Deer is a citizen of the Muscogee (Creek) Nation of Oklahoma and a professor of women, gender and sexuality studies and public affairs and administration at the University of Kansas. She says the court was very clear about the rule that it was using in deciding that case.

Deer maintains that the Muscogee (Creek) Nation was never dissolved.

"There were certainly efforts by Congress to try to extinguish the Creek Nation," said Deer. "They did a lot of really horrible things — shut down schools and burn, destroy property. And so they did everything except the part where they needed to say, 'the Creek reservation is hereby extinguished'."

She says Congress never provided that kind of explicit direction.

The State of Oklahoma disagrees. They argue that, in function, the treaty ceased to exist because the Tribal governments were at least temporarily dismantled and the State of Oklahoma assumed jurisdiction. They argue a ruling in favor of the Creek Nation would undo more than 100 years of precedent.

After oral arguments in May, Oklahoma Attorney General Mike Hunter released a statement saying, "Regardless of the outcome in this case, I want to assure both tribal and non-tribal citizens, my office will work with our tribal partners to uphold our longstanding mutually beneficial relationship to benefit all Oklahomans. I remain committed to growing these partnerships to uphold our history of goodwill."

Justice Gorsuch authored the majority opinion and was a pivotal vote in the case, even though he is typically thought of as socially conservative. He issued opinions that favored the Tribes as a judge on the U.S. Tenth Circuit Court of Appeals. He also hired an Indian law clerk.

During the oral arguments in May, lawyers and those who'd been closely watching the case, say most of the members of Nation's highest court are not prepared to argue or decide Indian law.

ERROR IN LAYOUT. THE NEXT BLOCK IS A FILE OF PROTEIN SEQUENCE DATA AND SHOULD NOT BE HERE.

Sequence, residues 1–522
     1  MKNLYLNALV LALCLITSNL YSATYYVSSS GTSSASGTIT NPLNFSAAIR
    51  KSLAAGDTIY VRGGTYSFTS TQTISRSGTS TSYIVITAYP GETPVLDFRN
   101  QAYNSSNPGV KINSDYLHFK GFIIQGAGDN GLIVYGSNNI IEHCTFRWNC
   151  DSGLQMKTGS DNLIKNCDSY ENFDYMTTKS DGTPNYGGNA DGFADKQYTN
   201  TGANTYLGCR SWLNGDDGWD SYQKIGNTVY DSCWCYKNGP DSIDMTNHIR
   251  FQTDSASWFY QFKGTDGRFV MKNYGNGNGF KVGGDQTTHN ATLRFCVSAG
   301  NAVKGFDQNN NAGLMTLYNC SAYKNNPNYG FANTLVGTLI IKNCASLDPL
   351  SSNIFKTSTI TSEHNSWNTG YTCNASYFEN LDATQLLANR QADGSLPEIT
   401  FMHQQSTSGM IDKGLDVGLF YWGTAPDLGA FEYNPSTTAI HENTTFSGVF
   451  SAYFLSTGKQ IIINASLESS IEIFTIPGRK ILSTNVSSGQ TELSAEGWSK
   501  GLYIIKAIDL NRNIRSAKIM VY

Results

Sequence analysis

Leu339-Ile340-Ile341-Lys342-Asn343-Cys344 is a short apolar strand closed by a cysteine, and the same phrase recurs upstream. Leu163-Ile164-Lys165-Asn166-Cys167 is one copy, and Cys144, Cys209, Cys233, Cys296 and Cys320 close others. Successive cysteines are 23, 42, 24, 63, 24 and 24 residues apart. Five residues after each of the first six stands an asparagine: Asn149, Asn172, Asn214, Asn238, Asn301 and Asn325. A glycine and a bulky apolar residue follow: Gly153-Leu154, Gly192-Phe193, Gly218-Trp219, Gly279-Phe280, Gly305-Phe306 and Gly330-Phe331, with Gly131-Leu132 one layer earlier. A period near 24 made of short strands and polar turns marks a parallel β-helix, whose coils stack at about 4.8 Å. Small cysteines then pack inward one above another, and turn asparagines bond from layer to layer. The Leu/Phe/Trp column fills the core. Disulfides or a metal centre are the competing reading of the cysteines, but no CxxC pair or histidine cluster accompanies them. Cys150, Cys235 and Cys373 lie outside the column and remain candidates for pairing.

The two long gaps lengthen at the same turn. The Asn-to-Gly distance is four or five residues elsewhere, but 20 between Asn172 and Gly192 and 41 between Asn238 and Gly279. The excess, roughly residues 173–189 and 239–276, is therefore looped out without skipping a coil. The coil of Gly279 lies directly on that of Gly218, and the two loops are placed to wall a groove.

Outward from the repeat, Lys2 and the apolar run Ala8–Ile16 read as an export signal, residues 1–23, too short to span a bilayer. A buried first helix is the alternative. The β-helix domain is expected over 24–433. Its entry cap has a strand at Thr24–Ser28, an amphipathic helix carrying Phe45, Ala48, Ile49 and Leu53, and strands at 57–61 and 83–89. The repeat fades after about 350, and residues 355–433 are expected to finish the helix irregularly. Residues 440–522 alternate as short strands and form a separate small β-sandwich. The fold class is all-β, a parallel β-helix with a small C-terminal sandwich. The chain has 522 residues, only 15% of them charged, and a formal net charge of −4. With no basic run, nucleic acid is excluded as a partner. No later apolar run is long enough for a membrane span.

Justices Gorsuch and Sotomayor asked very detailed questions about federal Indian law during the oral arguments. Justice Gorsuch grilled Oklahoma Solicitor General Mithun Mansinghani on key arguments the state presented.

"Why the fact that the land is in fee simple would lead to a less stringent disestablishment test than Solem? I guess I don't understand why that would be the case," Gorsuch asked.

Mary Kathryn Nagle is Cherokee and an attorney with Pipestem Law, a firm who has offices in Tulsa and Washington D.C. and is dedicated to Tribal sovereign law. She says that Federal Indian law isn't often taught in law school or even offered as an elective.

"It's not considered a 'serious subject,' even though it is very serious, right? It's life or death for us Native folks," said Nagle.

Lawyers for the State of Oklahoma have said that a ruling in favor of the Creek Nation will lead to a "tidal wave" of convictions being overturned and that someone like McGirt could walk free.

In 2018, Lisa Blatt, the lawyer for Oklahoma said that a ruling for the defendant Murphy would mean that, "155 murderers, 113 rapists, and over 200 felons who committed crimes against children,” would go free.

Deer says that worry is not based in reality.

"The fact of the matter is that almost all of the government entities within the area of the Creek reservation today already work cooperatively," she explained.

This report was produced by the Oklahoma Public Media Exchange, a collaboration of public media organizations. Help support collaborative journalism by donating at the link at the top of this webpage.